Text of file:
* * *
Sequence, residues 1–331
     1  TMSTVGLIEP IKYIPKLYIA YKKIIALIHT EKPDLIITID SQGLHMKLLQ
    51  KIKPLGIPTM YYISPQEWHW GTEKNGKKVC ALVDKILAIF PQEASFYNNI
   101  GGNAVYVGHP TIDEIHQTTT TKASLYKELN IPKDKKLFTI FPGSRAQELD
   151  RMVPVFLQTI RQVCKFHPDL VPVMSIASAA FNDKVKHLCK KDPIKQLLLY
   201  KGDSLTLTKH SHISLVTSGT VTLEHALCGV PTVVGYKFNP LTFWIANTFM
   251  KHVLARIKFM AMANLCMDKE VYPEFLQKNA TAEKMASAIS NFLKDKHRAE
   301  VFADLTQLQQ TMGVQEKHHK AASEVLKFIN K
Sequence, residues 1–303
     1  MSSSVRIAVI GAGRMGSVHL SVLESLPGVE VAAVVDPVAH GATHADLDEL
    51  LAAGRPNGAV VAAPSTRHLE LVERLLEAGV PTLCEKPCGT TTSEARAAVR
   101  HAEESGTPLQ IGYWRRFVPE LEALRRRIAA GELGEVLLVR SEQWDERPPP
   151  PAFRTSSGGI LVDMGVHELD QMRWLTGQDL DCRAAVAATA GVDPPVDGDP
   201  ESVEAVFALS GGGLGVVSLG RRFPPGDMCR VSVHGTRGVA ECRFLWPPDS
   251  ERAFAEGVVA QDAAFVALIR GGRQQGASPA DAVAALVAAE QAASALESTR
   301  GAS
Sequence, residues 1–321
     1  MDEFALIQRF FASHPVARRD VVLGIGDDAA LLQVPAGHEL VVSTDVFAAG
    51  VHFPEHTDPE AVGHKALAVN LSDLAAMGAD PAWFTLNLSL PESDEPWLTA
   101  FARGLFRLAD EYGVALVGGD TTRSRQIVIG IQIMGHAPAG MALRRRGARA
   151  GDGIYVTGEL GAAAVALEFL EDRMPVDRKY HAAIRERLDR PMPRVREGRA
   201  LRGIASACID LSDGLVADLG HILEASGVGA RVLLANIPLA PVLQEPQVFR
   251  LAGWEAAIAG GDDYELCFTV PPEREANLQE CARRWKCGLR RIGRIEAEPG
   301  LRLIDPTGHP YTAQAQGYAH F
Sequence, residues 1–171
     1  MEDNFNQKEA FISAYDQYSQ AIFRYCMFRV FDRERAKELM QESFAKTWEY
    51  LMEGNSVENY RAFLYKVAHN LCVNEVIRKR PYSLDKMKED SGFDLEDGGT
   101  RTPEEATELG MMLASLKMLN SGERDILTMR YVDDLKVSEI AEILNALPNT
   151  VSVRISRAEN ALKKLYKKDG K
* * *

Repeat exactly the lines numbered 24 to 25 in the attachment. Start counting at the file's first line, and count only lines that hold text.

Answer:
   301  LRLIDPTGHP YTAQAQGYAH F
Sequence, residues 1–171